Requested Reading List

December 7, 2010 at 10:05 AM (Help, Real Life) (, , , , )

I’m afraid I’m going to fail to fulfill a promise I made a few years ago. When my second son was born, one day the cat came to me and said (I’m paraphrasing), “Why do you keep bringing these men into the house? When will we ever have the chance to be alone together in the sunshine with all these boys around, and their hammering, running, zooming, and eating?” I told her, “Elly, one day you and I will have a girl room, with a chintz-covered chaise longue, late-afternoon sunshine, a mohair-y throw blanket, a pot of tea, and a stack of great books. We’ll spend weekends in there, dozing and reading. I promise.”

Well, the Girl Room hasn’t materialized yet, and unless they’re planning a big Christmas surprise for me, it probably won’t happen. But I can still lie around with a stack of books like it’s my job, and for this Cinderelly is truly grateful.

What I’m having trouble with is: what should I read? When I hit the bookstore, I look for interesting covers or for books I’ve heard mentioned by other people. Sometimes I hit; sometimes I miss. Whenever I go to the library, I wander around aimlessly, looking at covers and pulling out books I haven’t read by authors I already know. But I’m sure there are people (other than librarians and critics) who know exactly what is good, or a classic must-read, or not-just-chick-lit-but-good-chick-lit. Are they you?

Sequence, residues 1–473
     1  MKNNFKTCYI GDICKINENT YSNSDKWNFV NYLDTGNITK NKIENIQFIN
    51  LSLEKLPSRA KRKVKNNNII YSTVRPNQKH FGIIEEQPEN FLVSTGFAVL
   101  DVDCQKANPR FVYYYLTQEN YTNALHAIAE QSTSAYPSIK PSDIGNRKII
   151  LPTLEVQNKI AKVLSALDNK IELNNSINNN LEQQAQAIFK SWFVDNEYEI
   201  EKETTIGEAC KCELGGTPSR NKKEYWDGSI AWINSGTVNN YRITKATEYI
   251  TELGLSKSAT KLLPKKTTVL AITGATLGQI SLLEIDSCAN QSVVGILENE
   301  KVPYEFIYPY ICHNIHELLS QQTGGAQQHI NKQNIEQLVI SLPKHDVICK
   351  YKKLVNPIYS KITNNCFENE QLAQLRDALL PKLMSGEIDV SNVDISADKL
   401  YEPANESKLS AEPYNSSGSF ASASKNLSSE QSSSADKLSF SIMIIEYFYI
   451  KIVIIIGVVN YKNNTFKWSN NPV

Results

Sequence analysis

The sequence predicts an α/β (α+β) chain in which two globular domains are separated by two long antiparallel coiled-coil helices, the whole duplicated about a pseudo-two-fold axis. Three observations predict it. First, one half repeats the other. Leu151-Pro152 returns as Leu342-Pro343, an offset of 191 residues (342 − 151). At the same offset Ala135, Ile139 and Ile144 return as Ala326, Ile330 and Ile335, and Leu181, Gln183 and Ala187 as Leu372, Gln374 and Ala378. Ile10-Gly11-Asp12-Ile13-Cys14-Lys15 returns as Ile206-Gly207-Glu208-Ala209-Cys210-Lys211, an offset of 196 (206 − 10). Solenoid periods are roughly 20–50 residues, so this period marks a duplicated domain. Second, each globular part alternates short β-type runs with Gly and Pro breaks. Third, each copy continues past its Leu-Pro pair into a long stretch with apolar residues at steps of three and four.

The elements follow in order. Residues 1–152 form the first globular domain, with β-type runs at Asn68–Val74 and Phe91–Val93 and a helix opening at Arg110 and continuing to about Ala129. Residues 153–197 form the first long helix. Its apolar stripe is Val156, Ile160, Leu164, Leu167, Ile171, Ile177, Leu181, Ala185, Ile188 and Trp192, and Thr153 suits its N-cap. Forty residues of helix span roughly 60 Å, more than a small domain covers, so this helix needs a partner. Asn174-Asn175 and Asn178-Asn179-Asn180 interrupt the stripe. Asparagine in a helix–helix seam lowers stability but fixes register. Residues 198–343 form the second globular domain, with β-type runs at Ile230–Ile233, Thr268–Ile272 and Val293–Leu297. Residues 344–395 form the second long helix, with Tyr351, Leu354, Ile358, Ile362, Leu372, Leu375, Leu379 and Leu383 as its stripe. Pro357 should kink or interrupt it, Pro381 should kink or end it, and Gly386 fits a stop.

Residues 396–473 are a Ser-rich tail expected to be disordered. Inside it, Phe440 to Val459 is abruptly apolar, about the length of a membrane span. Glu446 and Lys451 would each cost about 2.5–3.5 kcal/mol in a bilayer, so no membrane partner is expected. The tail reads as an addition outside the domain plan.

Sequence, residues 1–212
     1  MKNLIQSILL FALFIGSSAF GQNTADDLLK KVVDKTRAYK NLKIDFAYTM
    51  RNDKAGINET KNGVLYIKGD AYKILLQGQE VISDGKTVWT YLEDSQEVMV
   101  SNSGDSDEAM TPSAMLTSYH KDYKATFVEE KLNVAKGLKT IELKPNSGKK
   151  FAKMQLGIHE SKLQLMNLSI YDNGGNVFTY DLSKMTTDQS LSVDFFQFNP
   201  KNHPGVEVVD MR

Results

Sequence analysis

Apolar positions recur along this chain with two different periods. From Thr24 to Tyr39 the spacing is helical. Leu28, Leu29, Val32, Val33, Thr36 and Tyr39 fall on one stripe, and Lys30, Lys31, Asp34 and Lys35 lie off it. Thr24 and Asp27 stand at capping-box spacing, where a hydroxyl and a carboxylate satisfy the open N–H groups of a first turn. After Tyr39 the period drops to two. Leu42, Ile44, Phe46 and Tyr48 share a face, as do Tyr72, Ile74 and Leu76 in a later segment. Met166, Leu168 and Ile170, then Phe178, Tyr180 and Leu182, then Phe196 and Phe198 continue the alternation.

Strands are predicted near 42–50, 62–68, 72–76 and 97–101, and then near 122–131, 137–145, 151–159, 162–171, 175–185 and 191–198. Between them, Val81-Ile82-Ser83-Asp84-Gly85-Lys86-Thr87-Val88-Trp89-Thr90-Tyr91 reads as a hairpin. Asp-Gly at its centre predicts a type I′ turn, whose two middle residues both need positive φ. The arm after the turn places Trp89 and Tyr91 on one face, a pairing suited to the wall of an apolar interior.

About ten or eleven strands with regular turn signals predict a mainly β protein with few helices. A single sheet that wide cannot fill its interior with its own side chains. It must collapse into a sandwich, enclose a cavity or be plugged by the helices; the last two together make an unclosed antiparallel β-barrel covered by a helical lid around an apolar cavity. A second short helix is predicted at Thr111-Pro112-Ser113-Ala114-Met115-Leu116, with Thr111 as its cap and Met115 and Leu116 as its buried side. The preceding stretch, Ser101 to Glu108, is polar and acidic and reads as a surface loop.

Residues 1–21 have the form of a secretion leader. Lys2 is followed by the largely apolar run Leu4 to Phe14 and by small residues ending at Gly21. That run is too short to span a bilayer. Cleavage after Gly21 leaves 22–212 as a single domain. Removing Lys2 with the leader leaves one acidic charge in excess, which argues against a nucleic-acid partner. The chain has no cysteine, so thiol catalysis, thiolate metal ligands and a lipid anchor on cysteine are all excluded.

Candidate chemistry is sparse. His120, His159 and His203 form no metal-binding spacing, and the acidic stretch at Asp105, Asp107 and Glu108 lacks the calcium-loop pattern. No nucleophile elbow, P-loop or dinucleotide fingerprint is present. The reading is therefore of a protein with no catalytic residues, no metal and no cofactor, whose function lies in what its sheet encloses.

If you had a year and wanted to make sure you read all the important stuff, including classics and contemporary literature (although maybe not so much poetry; sorry, Amy), what would you read? Tell me, tell me — there’s still time to put together an Amazon list…

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Erosion

May 12, 2010 at 12:09 PM (Energy, Mood, Sleep) (, , , , , , , )

Some days I feel like a regular person. Aside from my daily nap, I run errands, walk the dog, cook dinner, sort the junk mail, fold the laundry. Except for my goofy haircut, you’d never know I am sick.

Today is not one of those days. I’m completely drained. I’m not sure if it’s the allergies (Massachusetts is covered in green pollen) or what, but in my Pilates class yesterday I had trouble completing any of the exercises (that usually make me sweat, but not collapse). It was as if someone was squeezing handfuls of the bottoms of both my lungs. We had a dozen errands to run in the afternoon, and by the time I’d dropped #1 Son off at soccer practice, I could hardly bring myself to heave my body out of the car and climb the stairs.